the range and cost of commercial real estate
We focus on selecting locations that are most logical from an operational and strategic perspective. While the local tax environment is taken into account, we do not choose locations on the basis of tax arrangements that would lead to those activities being based in countries that may offer an attractive tax regime but would be impractical in other respects. Doing so would amount to artificiality and would be at odds with our Tax Principles.
Multinational companies often develop specialist global teams within dedicated legal entities that are located in a small number of places to most efficiently service the needs of multiple business units across different countries. There are strong financial, operational and strategic reasons to take this approach. Global centres of excellence enable a multinational company’s worldwide subsidiaries to access world-class expertise quickly and efficiently, reducing overall costs for the company as a whole and greatly benefiting subsidiaries in smaller and less developed countries with few or no local alternatives.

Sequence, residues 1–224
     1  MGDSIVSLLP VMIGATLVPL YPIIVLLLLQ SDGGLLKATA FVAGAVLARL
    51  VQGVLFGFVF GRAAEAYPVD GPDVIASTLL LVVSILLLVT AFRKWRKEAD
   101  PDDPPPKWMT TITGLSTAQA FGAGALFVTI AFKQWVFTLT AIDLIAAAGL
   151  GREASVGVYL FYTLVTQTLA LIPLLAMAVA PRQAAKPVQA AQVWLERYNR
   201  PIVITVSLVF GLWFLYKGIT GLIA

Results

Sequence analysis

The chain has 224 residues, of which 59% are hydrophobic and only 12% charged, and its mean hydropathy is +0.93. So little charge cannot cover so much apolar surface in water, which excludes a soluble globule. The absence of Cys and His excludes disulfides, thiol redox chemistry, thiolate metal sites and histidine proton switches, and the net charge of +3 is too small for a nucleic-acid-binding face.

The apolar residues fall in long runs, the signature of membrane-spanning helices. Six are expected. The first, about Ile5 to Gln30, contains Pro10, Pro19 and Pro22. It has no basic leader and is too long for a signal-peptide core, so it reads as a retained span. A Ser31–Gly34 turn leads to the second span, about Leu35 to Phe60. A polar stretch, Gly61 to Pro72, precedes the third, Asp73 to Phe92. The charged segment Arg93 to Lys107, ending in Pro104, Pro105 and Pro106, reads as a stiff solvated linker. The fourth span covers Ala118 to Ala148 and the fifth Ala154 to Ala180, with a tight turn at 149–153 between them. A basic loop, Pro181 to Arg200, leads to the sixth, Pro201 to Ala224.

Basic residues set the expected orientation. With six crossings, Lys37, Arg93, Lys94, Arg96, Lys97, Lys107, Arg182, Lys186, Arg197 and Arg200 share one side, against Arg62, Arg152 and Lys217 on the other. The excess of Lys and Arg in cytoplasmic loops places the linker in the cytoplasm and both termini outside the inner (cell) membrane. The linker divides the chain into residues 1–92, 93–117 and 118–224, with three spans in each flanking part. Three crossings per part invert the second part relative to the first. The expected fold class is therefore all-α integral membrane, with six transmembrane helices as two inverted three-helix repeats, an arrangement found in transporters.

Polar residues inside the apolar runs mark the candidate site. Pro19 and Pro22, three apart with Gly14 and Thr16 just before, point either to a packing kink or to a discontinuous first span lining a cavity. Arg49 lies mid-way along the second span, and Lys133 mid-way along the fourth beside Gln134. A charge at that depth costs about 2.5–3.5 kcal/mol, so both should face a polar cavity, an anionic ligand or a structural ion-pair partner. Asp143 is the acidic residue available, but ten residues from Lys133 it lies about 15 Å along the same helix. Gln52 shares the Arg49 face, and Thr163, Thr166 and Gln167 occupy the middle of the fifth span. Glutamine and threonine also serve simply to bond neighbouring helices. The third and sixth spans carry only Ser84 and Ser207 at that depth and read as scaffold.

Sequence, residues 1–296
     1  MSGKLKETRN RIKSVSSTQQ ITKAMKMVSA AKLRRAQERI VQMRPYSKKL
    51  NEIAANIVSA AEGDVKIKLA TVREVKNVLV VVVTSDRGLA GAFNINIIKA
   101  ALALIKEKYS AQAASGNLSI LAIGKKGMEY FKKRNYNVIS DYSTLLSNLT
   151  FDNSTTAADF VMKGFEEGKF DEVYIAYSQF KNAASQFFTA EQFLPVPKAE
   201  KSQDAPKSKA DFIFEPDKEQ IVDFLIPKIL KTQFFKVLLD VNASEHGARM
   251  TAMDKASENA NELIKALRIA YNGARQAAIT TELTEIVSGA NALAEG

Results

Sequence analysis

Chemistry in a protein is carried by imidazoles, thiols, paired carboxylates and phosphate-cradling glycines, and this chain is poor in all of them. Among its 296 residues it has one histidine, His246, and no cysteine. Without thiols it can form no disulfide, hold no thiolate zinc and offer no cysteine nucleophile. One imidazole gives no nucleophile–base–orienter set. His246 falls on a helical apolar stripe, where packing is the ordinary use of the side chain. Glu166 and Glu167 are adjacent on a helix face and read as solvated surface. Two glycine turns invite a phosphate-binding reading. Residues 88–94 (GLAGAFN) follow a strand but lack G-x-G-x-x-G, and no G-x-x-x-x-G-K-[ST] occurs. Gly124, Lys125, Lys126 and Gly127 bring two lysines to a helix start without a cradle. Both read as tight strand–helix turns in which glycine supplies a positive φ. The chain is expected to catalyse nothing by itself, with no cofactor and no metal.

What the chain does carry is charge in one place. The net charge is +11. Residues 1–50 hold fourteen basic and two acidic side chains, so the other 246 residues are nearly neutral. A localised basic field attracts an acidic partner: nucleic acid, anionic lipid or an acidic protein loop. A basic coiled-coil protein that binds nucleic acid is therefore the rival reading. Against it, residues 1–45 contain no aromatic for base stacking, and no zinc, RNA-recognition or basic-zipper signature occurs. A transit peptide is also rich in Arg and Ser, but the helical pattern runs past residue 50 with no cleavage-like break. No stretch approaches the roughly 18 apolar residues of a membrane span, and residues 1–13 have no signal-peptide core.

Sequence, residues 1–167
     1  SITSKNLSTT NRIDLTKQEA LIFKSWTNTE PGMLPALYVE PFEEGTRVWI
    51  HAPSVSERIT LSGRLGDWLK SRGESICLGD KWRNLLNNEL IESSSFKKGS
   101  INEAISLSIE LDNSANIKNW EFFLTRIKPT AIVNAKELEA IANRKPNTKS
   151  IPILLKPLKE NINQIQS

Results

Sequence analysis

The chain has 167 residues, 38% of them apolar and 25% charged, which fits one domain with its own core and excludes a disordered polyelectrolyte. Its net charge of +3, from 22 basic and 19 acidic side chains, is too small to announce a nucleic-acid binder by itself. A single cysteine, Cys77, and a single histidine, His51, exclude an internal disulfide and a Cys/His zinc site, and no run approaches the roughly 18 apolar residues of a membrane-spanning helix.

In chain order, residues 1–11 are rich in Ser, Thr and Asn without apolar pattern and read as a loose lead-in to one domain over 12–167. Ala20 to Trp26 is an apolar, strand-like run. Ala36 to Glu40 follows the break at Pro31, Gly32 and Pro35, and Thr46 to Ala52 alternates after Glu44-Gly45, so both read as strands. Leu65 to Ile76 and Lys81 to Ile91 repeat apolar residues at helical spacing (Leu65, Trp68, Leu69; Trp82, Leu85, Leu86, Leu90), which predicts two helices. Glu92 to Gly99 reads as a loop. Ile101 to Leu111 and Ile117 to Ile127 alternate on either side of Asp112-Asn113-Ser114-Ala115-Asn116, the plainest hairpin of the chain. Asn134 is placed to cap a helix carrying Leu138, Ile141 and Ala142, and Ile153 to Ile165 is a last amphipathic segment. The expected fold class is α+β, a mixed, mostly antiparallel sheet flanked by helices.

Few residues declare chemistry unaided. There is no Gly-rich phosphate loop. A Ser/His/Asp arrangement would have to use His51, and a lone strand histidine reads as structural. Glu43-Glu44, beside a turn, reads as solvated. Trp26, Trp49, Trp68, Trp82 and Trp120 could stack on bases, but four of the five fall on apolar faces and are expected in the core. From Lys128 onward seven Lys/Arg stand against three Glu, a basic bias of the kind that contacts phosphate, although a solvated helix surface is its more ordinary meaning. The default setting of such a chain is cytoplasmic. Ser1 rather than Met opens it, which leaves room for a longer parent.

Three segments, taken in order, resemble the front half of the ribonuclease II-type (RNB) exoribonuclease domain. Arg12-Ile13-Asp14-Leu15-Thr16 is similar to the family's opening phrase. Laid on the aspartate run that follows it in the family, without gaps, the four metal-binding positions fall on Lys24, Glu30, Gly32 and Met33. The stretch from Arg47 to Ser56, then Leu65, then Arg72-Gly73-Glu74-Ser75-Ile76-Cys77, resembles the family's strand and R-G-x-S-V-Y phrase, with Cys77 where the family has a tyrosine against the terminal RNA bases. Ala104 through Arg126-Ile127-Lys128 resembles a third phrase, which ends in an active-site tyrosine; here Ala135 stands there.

However, these global centres are not ‘free’ from an individual subsidiary’s perspective. They cost money to run: there are premises, salaries, R&D and third-party costs to be paid. OECD Transfer Pricing Guidelines, which are often enshrined in domestic tax law, recommend that these centres of excellence should be remunerated for the services they perform as if they were independent businesses. Multinational companies therefore establish internal charging mechanisms to ensure that the individual business units and local country subsidiaries that use these centralised services pay a representative price for them.